Gurudwara Shri Tahli Sahib represents the roots of Sikhism, as it was here that the foundation of the first holy tank was laid. This historical connection allows Sikhs to reflect on the humble beginnings and the spiritual journey of their faith. Sikhs believe that visiting sacred sites, especially associated with the Gurus, brings blessings and spiritual benefits. They seek the blessings of the Gurus for guidance, protection, and overall well-being. Many also come with specific prayers and requests.

Gurdwara Shahid Ganj Bhai Taru Ji

Bhai Taru Ji was a devoted follower of Guru Arjan Dev Ji during a critical period in Sikh history. Guru Arjan Dev Ji faced persecution and torture under the orders of Emperor Jahangir due to his refusal to alter the Sikh scriptures. Bhai Taru Ji, witnessing the torture and persecution of Guru Arjan Dev Ji, could not bear the suffering of his beloved Guru. In an act of extraordinary courage and sacrifice, he decided to offer water to the Guru, who was being subjected to scorching heat and torture. The authorities, infuriated by Bhai Taru Ji’s act of compassion, subjected him to severe punishment. Bhai Taru Ji faced brutal torture and eventually attained martyrdom, sacrificing his life for the principles of Sikhism and in solidarity with Guru Arjan Dev Ji.

Gurdwara Shahid Ganj Bhai Taru Ji stands as a commemorative site to honor the sacrifice and martyrdom of Bhai Taru Ji. The term “Shahid Ganj” translates to “Martyrdom Shrine,” emphasizing the historical significance of this Gurdwara. Like many Gurudwaras, Gurdwara Shahid Ganj Bhai Taru Ji may exhibit traditional Sikh architectural features, including a prayer hall, domes, and the central Manji Sahib. The design is often intended to create a serene and spiritual ambiance for the sangat.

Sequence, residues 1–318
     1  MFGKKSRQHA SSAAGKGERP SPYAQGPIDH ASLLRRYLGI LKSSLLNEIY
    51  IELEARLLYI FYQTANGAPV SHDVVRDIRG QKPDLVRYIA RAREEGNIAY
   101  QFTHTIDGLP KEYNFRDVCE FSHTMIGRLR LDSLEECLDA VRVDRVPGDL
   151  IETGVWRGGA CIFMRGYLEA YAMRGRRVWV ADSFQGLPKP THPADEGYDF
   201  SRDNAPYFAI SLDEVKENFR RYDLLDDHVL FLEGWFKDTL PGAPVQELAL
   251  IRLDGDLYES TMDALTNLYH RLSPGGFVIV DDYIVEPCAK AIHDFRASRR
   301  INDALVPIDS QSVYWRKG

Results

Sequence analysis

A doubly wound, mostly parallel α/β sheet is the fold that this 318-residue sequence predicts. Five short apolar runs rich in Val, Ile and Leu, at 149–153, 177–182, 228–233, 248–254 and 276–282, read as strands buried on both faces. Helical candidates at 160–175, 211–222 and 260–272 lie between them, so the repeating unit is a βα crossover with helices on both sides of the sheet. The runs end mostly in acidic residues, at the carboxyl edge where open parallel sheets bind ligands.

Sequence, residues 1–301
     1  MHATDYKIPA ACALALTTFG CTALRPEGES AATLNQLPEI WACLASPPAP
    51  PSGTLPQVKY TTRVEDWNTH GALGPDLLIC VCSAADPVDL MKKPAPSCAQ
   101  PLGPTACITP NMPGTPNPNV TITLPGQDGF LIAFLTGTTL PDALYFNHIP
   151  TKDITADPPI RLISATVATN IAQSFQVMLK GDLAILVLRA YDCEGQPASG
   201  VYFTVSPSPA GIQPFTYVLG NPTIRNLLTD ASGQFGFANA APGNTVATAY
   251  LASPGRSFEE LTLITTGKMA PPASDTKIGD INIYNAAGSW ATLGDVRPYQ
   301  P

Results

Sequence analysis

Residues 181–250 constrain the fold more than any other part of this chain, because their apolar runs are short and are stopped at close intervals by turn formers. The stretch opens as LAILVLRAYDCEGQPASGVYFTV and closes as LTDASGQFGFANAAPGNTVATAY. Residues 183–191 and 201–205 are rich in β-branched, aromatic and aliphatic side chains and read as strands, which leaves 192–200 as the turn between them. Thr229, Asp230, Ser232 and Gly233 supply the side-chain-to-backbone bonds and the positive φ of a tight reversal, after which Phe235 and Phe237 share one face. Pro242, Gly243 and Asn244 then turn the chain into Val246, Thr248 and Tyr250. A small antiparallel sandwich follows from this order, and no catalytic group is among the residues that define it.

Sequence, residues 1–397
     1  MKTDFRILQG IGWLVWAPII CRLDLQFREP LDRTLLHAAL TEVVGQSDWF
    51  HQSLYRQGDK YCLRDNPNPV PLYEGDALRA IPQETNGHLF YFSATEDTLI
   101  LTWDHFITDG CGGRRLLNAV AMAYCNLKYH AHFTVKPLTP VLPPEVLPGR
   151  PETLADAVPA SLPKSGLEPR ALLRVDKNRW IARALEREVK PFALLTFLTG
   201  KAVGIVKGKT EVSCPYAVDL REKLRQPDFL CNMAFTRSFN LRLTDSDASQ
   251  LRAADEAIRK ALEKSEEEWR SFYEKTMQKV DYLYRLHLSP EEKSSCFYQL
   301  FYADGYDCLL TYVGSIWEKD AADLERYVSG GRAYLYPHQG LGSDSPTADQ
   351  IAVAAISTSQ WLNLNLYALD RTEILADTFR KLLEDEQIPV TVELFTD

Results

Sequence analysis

Sikhs and devotees visit Gurdwara Shahid Ganj Bhai Taru Ji to pay homage to the bravery and sacrifice of Bhai Taru Ji. The Gurdwara becomes a sacred space for reflection, prayer, and seeking inspiration from the spirit of selfless service and devotion demonstrated by Bhai Taru Ji.

Gurudwaras often serve as centers for educational and cultural activities. They may organize events to share the historical significance of Bhai Taru Ji’s martyrdom and the broader teachings of Sikh Gurus.

Gurdwara Shaheed Ganj Baba Deep Singh Ji

Gurdwara Shaheed Ganj Baba Deep Singh Ji is a special place in Sikh history that honors the bravery and sacrifice of Baba Deep Singh Ji. Baba Deep Singh Ji was a respected Sikh warrior, and this Gurdwara is dedicated to remembering how bravely he defended the Golden Temple in Amritsar, known as Harmandir Sahib. A long time ago, there were threats and attacks on Harmandir Sahib. Baba Deep Singh Ji played a crucial role during this tough time. In a famous incident, even after being seriously hurt, Baba Deep Singh Ji kept fighting. There’s a remarkable story that tells how he continued to fight with one hand while carrying his own severed head with the other.